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GDB for poking at libc to test random things

I wanted to test something quickly out in C, but didn't want to write the 5 line of code to do it. Having done some fun ruby debugging with gdb recently, I decided to go with that.
% gdb -q `which sleep` --args `which sleep` 60000
(gdb) break nanosleep
(gdb) run
Starting program: /bin/sleep 60000
[Thread debugging using libthread_db enabled]
[New Thread 0x7f8c40bc46f0 (LWP 6504)]
[Switching to Thread 0x7f8c40bc46f0 (LWP 6504)]

Breakpoint 1, 0x00007f8c404f7ce0 in nanosleep () from /lib/libc.so.6
(gdb) call strcspn("hello world", "w")
$1 = 6
I don't know why I didn't think about this before. This is nicely useful, allowing me to easily test any simple function call unrelated.

Parallelization with /bin/sh

I have 89 log files. The average file size is 100ish megs. I want to parse all of the logs into something else useful. Processing 9.1 gigs of logs is not my idea of a good time, nor is it a good application for a single CPU to handle. Let's parallelize it.

I abuse /bin/sh's ability to background processes and wait for children to finish. I have a script that can take a pool of available computers and send tasks to it. These tasks are just "process this apache log" - but the speed increase of parallelization over single process is incredible and very simple to do in the shell.

The script to perform this parallization is here: parallelize.sh

I define a list of hosts to use in the script and pass a list of logs to process on the command line. The host list is multiplied until it is longer than the number of logs. I then pick a log and send it off to a server to process using ssh, which calls a script that outputs to stdout. Output is captured to a file delimited by the hostname and the pid.

I didn't run it single-process in full to compare running times, however, parallel execution gets *much* farther in 10 minutes than single proc does. Sweet :)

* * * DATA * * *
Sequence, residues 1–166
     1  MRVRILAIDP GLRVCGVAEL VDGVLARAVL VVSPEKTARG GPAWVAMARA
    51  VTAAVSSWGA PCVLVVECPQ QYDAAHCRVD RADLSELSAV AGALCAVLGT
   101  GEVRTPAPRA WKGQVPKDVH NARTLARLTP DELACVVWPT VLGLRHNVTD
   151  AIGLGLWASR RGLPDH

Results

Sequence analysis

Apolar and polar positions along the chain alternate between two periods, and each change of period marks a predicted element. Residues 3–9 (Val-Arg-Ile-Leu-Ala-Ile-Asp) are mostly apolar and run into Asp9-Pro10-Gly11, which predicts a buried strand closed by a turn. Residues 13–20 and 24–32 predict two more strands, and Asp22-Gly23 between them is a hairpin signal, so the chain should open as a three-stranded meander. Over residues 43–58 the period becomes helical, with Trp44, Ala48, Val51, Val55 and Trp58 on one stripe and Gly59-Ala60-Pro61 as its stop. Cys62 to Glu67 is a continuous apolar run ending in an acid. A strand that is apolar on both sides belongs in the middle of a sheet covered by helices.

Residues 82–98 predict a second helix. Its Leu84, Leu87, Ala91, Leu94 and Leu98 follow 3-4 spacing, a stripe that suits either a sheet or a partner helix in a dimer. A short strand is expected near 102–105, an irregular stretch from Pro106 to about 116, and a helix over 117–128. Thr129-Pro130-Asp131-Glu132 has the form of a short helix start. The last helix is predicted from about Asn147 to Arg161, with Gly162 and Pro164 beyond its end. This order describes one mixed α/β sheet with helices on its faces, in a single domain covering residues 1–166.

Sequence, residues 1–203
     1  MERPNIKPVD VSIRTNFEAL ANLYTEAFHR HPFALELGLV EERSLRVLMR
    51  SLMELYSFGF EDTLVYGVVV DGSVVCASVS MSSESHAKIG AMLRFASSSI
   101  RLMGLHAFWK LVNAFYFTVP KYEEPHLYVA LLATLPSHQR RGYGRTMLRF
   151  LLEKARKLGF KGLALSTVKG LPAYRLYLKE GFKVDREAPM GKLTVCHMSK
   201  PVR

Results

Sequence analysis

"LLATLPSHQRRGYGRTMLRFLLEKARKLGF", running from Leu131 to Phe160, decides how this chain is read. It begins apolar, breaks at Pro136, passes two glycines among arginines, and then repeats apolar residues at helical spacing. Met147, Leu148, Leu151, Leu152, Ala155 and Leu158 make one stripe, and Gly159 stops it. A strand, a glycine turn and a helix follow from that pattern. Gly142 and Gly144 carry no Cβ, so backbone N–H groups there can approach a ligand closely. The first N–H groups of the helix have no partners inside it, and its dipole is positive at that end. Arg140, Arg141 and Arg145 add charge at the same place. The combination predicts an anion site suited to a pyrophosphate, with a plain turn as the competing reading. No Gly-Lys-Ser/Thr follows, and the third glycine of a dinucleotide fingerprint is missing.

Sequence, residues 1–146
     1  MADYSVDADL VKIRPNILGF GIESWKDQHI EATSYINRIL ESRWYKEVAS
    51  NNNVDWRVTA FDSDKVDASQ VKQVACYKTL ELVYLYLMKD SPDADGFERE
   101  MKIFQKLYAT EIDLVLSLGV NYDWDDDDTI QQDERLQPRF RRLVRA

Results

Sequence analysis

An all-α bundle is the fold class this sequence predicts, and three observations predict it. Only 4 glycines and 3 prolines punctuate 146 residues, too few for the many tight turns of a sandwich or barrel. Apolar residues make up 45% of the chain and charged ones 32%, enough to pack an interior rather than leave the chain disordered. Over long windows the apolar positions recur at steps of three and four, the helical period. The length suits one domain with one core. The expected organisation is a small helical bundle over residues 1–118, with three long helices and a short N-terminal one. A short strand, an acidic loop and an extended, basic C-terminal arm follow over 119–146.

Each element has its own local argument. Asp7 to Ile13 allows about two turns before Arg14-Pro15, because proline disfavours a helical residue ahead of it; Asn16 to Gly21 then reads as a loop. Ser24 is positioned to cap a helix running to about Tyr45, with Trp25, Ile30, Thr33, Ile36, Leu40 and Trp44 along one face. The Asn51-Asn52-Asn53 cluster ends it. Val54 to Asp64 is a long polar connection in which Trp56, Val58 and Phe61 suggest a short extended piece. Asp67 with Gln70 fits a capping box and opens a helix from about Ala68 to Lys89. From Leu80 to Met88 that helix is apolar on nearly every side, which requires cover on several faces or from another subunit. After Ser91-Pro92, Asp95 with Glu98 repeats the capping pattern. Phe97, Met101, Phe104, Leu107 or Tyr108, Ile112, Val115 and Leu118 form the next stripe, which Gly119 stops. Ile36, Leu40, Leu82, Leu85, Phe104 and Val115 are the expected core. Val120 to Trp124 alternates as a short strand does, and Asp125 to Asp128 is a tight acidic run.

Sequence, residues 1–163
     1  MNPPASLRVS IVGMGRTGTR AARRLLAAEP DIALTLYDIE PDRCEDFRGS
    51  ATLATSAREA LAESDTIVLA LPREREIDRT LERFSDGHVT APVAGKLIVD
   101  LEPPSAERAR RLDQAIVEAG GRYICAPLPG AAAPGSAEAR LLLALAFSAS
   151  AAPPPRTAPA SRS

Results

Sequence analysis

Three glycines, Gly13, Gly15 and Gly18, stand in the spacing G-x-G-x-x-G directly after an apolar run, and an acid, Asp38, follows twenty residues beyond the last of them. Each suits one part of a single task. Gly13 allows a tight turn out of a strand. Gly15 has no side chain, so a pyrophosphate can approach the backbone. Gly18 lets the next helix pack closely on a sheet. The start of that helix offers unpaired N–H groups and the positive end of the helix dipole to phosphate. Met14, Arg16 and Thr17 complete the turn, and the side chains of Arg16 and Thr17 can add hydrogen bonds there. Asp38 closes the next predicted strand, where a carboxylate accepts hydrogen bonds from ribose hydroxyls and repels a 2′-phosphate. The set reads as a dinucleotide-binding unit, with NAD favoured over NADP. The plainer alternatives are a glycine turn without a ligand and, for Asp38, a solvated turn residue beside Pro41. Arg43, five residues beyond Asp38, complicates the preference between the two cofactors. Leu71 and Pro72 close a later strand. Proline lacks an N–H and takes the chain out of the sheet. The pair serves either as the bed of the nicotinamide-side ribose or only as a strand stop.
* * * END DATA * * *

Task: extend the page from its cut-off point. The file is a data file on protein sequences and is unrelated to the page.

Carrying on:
Some of the log files are *enormous* - taking up 1 gig alone. I'm experimenting with split(1) to split these files into 100,000 lines each. The problem becomes that all of the tasks are done except for the 4 processes handling the 1 gig log files (there are 4 of them). Splitting will make the individual jobs smaller, allowing us to process them faster becuase we have a more even work load across proceses.

So, a simple application benefiting from parallelization is solved by using simple, standard tools. Sexy.

Parsing nfsstat(1) for only version X information

nfsstat | sed -ne '/Version 3/,/^$/p'
sed++

When I was bored (at 4 am, no-less), I kept trying to parse this information out using some crazy tricks with 'x' (swap pattern/hold) and other stuff, but I forgot the fact that regexps are valid addresses. So, we can print anything between 'Version 3' and blank lines, anywhere in our output.

The next thing I want to try with this is to automagically parse nfsstat output into a format that is more machine readable, this will probably be using awk or perl, seeing as how doing it with sed may hurt my brain a bit. Furthermore, trying to read the sed that did said operations would be somewhat intense ;)

The output looks something like this, on Solaris 9:

Version 3: (535958 calls)
null        getattr     setattr     lookup      access      readlink    
0 0%        242223 45%  20606 3%    52504 9%    20025 3%    41 0%       
read        write       create      mkdir       symlink     mknod       
14138 2%    146618 27%  5525 1%     145 0%      337 0%      0 0%        
remove      rmdir       rename      link        readdir     readdirplus 
6279 1%     7 0%        1539 0%     1518 0%     1606 0%     6587 1%     
Parsing this would mean generating a tree-like dictionary. In perl, it may look like:
%foo = (
	'Version 3' => {
		null => 0,
		getattr => 242223,
		setattr => 20606,
		lookup => 52504,
		# .... etc ...
		}
	)
Should be simple enough, we'll see what happens next time I get bored.